Secondary alteration of the Grønnedal-Ika igneous complex and the genesis of ikaite, CaCO3·6H2O, SW Greenland

Elin Tollefsen a, Gabrielle Stockmann b, Alasdair Skelton a, LenaLundqvist c, Erik Sturkell d

a Department of Geological Sciences, Stockholm University, 106 91 Stockholm, Sweden
b Institute of Earth Sciences, University of Iceland, 101 Reykjavik, Iceland
c Swedish Geological Survey (SGU), 413 20 Gothenburg, Sweden
d Department of Earth Sciences, University of Gothenburg, 405 30 Gothenburg, Sweden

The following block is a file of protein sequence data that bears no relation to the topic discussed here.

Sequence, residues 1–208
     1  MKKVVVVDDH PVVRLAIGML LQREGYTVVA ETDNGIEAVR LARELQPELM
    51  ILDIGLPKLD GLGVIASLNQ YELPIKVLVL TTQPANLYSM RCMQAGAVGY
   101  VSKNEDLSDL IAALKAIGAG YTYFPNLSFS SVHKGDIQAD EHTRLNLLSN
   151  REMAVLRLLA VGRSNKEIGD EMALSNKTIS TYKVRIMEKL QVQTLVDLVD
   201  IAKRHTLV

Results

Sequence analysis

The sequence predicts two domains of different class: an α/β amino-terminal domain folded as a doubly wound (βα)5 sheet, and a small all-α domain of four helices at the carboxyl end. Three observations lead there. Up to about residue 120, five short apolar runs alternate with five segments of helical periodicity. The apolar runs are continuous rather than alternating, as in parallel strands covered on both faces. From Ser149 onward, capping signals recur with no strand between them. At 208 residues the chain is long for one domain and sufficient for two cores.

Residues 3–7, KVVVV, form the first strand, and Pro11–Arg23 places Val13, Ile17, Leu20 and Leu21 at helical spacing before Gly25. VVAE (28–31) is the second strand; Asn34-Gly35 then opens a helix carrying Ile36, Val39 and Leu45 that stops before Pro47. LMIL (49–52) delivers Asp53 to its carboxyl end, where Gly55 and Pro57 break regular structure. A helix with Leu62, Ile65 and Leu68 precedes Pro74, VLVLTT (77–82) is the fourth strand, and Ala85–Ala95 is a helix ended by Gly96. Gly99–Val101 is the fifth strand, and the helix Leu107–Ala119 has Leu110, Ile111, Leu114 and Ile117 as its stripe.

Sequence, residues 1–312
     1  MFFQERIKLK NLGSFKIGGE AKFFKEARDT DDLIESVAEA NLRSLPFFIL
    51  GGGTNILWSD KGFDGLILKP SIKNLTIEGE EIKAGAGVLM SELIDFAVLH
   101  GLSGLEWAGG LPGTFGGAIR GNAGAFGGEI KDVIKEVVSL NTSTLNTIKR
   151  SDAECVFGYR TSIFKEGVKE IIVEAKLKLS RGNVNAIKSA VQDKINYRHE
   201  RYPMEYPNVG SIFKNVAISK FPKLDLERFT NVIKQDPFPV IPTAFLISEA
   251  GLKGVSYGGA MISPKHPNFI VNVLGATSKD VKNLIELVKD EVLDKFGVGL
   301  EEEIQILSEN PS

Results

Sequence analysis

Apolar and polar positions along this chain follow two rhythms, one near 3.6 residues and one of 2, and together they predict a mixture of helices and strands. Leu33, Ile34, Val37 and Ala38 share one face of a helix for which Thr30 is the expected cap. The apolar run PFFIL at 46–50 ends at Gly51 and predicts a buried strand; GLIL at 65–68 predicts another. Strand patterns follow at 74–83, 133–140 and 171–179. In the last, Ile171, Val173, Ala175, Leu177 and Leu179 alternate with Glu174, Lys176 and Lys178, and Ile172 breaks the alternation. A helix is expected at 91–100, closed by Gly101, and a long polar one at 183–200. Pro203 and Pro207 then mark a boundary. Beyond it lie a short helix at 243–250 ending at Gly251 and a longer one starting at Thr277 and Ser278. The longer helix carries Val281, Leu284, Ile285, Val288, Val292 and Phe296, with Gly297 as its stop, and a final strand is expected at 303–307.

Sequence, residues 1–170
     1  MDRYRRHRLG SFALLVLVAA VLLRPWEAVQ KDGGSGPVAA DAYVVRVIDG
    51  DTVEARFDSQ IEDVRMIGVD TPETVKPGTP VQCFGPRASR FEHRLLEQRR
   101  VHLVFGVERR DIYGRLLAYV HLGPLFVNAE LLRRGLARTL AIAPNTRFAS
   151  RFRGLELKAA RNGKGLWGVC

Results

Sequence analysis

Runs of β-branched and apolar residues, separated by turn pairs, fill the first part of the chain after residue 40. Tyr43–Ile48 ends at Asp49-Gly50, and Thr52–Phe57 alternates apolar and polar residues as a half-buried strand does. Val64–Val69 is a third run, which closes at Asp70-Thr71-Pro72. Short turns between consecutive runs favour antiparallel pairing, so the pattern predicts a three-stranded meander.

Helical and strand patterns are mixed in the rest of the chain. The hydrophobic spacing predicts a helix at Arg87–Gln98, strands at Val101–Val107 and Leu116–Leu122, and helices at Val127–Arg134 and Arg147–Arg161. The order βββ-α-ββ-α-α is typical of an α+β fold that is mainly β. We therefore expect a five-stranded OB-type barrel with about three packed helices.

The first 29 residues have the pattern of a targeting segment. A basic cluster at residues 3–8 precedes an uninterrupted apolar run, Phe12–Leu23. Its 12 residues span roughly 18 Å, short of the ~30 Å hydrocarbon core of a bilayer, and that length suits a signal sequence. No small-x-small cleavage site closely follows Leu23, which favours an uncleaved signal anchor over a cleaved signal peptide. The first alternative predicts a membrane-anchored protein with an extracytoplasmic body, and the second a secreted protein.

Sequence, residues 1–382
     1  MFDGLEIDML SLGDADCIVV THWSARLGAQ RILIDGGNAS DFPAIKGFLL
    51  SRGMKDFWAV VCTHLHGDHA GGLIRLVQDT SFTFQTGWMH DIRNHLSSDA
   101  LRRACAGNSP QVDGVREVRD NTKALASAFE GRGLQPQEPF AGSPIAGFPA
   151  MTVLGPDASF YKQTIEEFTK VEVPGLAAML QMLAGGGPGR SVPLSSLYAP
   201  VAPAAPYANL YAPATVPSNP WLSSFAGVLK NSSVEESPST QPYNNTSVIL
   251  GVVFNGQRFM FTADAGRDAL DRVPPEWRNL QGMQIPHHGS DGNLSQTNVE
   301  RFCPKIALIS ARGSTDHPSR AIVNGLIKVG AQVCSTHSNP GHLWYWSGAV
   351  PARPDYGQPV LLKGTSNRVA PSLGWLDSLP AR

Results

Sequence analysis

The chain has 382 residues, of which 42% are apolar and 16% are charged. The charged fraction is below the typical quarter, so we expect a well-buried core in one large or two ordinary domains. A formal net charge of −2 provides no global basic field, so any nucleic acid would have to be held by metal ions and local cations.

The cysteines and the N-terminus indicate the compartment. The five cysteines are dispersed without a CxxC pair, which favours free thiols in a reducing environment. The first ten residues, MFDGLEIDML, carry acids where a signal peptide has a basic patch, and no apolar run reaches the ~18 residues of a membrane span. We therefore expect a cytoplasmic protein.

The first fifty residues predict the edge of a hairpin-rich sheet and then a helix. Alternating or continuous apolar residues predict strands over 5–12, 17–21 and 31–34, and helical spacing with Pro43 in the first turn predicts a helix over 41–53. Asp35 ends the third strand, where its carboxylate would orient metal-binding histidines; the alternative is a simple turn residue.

The mineral ikaite (CaCO3·6H2O) precipitates from a mixture of spring water and seawater as tufa columns which grow at a rate of up to 50 cm per year reaching heights of up to 18 m in Ikka Fjord, SW Greenland. In the fjord, column formation occurs only at the base of a nepheline syenite‑carbonatite complex that flanks the fjord and an association has therefore been proposed. The spring water that seeps up at the bottom of the fjord is oversaturated in Na+ and HCO3-. In this study, we show that these ions were acquired by alteration reactions in the syenite‑carbonatite complex: Na+ is released during replacement of nepheline by illite and analcime in nepheline-syenite rocks and HCO3- is released by oxidation of siderite to goethite in carbonatite rocks. The chemically charged groundwater mixes with seawater and gives rise to the formation of the tufa columns. We performed a mass balance to show that the mass of the carbonatite in the complex is more than sufficient to provide the CO2 needed to produce the observed mass of tufa columns. We estimated a time frame of ~600 years to produce the necessary CO2 to form the 700 ikaite columns in the fjord.

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